We have come to expect the unexpected from Richard Osman, the affable leader of quiz shows Pointless and House of Games.
The two are arguably two of the most inventive of their genre of the past decade, throwing, as they do, convention with force to the wind.
Needless (and his celebrity version) – which Osman co-hosts with Alexander Armstrong – turns the questions on their heads, instructing candidates to come up with the most obscure correct answers – to score zero points.
Meanwhile, House of Games pits four celebrities against each other in a series of eclectic and ever-changing – most ingeniously silly – challenges over five weeknights.
No screams, just smiles
The two late-afternoon shows made a name and a familiar face to Osman, who cut his teeth on television as a backstage producer. And while he wasn’t expecting it, Osman says he rather appreciates all the attention.
“Measuring 6 feet 7 inches, I have never walked into a room, neither on the subway, nor on the street without being noticed,” he says.
“Now, with the fame, I’m lucky enough to have people smile and say hello rather than shouting. I’m happy to say hello and those who know I’m a Fulham fan will come see me and start talking about it. I love that . ”
Osman may be the one providing all the missing unnecessary answers, but he’s not involved in framing the questions and claims he’s not as smart as people think he is.
“I’m good at words and at taking quizzes and I have a good memory but it’s not smart,” he says. “I am visually impaired [he has nystagmus] so I can hardly see. But that meant that I had to listen a lot and grasp the information very well. ”
Nonetheless, he is the man who had the original seeds of the ideas that have become what we now watch on screen. So, despite being a self-proclaimed champion of “mainstream” and “shit” television, Osman clearly likes to think outside the box.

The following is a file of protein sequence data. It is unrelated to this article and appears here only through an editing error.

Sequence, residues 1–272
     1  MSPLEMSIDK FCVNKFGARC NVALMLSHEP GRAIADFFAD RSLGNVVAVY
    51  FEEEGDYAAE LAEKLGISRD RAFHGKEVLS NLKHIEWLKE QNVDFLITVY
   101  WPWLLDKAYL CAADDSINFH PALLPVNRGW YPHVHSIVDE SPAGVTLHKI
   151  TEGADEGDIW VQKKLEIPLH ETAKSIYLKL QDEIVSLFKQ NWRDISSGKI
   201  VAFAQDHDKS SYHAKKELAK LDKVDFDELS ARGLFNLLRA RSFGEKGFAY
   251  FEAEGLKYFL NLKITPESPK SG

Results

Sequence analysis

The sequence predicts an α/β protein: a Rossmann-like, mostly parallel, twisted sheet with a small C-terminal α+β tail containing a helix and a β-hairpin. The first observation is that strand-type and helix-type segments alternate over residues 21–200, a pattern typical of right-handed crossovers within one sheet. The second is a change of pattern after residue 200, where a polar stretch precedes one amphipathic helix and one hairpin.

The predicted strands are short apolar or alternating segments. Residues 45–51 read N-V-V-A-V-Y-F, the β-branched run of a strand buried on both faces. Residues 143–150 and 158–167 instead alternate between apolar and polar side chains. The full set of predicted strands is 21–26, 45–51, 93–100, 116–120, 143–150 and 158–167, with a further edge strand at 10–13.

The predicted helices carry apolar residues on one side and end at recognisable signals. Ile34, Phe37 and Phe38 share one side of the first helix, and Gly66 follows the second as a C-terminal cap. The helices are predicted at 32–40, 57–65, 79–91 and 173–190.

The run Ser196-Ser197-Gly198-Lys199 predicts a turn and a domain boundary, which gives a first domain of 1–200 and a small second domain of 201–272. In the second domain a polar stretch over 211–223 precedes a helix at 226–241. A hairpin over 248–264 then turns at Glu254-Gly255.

“My heart, my soul is very traditional. I love shows like Homes Under the Hammer and Bargain Hunt. I wish I could have been cooler, but I’m not. It’s my upbringing – very British and all on TV so [the 70s] was a shared experience as there were so few channels.
“But there isn’t a totally new idea. You just think, ‘What if that gets mixed in with that?’, And you find a combination that people haven’t had before. I like doing it better than I expected to make millions of people love it. ”
Humor, alcohol, cake and detective
True to form, Osman’s latest project sees him reshaping again, but this time it’s himself – from TV personality to crime novelist.
Written in secret for 18 months, the Thursday Murder Club bears the quirky mark of Osman in that it takes place in an unusual way in a retirement village.
The idea even caught Osman off guard as it occurred to him on a visit that he thought was a perfectly enjoyable but uneventful lunch to his mother’s friend in one of these communities.
“The surroundings seemed familiar to me because you are in a beautiful countryside, but I was surprised because there were a lot of people everywhere.
“Then when you start talking to them, 70+, you think, ‘My god, there is talent, wit, wisdom and a sense of evil in this generation, it’s all there.’
“I thought it would be a perfect setting for a murder story. Let’s throw the worst at them and see how they deal with it. ”
The protagonists of Osman are a cunning gang of four whose past careers range from psychiatrist to secret agent (at least that’s what we’re led to assume).
Operating as the book’s title club, they come together to investigate unsolved murders from the case notes of a former member and former detective.